When I picked up my kids from daycare on Tuesday, my daughter presented me with her daily art project as she beamed with excitement.
It brings me great comfort to know that when I can’t be with my kids that they are in a place where they can learn and grow and take such pride in learning something as simple as “T is for Turkey.” Even at the tender age of three.
Believe me when I say that this lesson in honor of Thanksgiving is very cherished, but bear with me as I share why this simple project was so humorous to me:
We don’t eat meat.
Not that I didn’t see this moment coming; I have actually been writing and re-writing what was to be my pre-Thanksgiving entry in which I shared (ad nauseum) my many day dreams of what my kids might say and do once they entered the world of the local public schools and were introduced to the arts, crafts, and inevitable fairy-tale lessons of the first Thanksgiving Feast.
One of my more elaborate visions included my precocious daughter announcing to her classmates that some poor baby turkey was now walking around motherless and that the table cloths at the first Thanksgiving Supper were probably small-pox infested anyway.
Of course, at three, my daughter hasn’t quite made the connection that the reason we say “T is for Turkey” is because most people in our culture find those turkeys just so irresistibly yummy.
We find ourselves doing an interesting dance this time of year; deliberating between different ways to lift up our lifestyle choice while still honoring others who choose differently out of principle or simply because of circumstance (because, let’s face it, a vegetarian diet is a privilege).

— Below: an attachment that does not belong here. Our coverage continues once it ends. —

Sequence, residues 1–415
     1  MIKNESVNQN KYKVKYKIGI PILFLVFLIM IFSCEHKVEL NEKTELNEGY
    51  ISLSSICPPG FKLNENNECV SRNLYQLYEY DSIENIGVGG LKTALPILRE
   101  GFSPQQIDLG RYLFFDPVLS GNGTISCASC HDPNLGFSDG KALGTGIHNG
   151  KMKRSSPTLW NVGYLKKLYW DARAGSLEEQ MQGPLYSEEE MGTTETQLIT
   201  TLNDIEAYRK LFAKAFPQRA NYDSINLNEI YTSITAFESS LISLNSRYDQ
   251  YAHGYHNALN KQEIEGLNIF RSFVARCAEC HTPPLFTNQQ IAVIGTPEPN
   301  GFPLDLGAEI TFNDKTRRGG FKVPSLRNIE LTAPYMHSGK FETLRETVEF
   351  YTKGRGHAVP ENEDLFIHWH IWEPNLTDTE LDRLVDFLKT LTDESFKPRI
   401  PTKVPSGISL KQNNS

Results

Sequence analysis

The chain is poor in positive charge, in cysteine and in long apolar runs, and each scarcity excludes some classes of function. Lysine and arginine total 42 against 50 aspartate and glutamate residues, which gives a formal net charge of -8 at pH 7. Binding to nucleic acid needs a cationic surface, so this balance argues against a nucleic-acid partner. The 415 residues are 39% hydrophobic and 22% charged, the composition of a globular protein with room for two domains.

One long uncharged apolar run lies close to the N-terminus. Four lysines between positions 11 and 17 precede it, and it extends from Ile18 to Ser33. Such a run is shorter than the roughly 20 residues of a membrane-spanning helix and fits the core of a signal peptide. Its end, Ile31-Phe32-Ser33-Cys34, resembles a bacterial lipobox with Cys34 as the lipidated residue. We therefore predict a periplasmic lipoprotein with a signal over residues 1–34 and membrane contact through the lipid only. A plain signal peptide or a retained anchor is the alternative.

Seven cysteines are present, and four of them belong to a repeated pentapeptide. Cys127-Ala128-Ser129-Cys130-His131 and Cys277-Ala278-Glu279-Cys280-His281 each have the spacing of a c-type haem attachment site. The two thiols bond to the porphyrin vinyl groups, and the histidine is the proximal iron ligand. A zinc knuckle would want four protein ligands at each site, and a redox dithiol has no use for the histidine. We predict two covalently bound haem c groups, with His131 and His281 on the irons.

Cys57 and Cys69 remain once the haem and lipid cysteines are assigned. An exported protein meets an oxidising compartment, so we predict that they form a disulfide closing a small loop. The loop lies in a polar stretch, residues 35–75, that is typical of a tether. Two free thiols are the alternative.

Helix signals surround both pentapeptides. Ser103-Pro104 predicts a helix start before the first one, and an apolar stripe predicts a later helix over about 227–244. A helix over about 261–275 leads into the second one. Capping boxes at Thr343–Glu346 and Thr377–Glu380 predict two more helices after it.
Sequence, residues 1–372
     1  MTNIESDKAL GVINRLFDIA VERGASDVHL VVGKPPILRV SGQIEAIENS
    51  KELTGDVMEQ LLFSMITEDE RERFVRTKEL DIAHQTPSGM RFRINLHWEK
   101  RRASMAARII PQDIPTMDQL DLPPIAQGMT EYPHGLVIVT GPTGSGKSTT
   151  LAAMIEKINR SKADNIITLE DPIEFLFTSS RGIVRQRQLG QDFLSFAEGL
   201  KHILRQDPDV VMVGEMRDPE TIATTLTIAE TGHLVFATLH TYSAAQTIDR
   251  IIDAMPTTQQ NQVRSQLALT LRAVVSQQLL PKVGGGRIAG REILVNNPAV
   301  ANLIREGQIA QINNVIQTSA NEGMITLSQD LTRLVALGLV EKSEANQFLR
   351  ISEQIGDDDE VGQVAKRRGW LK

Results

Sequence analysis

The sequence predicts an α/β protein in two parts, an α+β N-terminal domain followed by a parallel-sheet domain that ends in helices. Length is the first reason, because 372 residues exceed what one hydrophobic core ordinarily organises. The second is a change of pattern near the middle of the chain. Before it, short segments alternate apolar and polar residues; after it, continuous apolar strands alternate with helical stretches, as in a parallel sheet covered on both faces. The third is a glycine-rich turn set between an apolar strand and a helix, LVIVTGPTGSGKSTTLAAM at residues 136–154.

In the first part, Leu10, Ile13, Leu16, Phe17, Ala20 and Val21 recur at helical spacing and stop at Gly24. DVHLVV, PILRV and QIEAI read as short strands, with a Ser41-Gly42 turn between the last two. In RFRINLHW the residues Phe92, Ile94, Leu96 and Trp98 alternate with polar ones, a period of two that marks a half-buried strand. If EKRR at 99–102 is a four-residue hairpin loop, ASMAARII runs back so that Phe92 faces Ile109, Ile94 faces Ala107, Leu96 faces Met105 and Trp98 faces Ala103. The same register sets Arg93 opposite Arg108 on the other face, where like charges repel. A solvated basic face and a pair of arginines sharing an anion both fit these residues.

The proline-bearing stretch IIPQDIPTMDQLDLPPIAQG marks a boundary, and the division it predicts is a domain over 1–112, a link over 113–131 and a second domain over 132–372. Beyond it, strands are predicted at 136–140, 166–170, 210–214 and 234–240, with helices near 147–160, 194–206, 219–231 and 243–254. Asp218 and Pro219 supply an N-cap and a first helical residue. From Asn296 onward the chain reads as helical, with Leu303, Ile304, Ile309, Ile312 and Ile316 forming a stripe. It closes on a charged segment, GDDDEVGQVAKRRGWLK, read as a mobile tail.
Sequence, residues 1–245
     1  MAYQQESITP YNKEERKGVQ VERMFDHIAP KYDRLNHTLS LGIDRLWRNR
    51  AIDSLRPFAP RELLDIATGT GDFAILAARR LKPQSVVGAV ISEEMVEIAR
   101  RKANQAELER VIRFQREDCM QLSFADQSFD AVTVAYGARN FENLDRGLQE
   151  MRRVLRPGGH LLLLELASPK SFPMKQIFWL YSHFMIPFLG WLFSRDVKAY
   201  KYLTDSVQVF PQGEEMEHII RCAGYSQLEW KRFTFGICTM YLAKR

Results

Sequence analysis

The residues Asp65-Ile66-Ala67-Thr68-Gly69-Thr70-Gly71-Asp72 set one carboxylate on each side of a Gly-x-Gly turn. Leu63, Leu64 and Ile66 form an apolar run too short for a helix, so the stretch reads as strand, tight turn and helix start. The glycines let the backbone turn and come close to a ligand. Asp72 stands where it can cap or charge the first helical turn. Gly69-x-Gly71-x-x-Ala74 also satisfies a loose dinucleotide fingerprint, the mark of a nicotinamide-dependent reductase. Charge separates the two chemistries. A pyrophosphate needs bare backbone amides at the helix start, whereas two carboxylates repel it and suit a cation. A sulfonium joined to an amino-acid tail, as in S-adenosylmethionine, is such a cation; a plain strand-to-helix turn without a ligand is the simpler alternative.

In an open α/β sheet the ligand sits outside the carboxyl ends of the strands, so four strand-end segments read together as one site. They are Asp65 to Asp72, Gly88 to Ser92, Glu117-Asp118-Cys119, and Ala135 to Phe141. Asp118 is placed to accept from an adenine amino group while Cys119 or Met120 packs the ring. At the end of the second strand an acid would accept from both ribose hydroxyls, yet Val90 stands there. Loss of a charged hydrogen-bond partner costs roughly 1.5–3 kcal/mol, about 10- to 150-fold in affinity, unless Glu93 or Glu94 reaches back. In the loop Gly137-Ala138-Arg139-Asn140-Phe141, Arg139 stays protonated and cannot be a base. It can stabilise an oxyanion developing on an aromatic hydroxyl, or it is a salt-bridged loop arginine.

I don’t want my kids to look down upon others who eat meat, nor do I want them to choose to eat meat merely because they feel as if there is some great magical holiday moment that occurs the second the turkey enters your mouth (surely there must be fireworks displays and a chorus of angels that sing upon digestion).
I totally expect that one day my children will want to try meat, and they will be able to do this with our blessing; there may even come a time when my kids decide that vegetarianism is just not for them and I want them to feel good about that too.
The fact is that we can have conversations all day long about why we are vegetarians and how we came to make this choice (although, this conversation at the Thanksgiving table brings with it the risk of turning your light-hearted family function into a bad SNL skit ala Debbie Downer.). But at the end of the day, this is who we are and this lifestyle suits us and our Principles best.
(At Right: Even vegetarians can do “meat” and potatoes… chickpea cutlets! Maybe I DO hear that chorus of angels… )
So let’s laugh about our differences, drink a glass of wine (a vegetarian delicacy in my book), and remember that we have more in common than we have ideals that separate us.
I, for one, am thankful for that!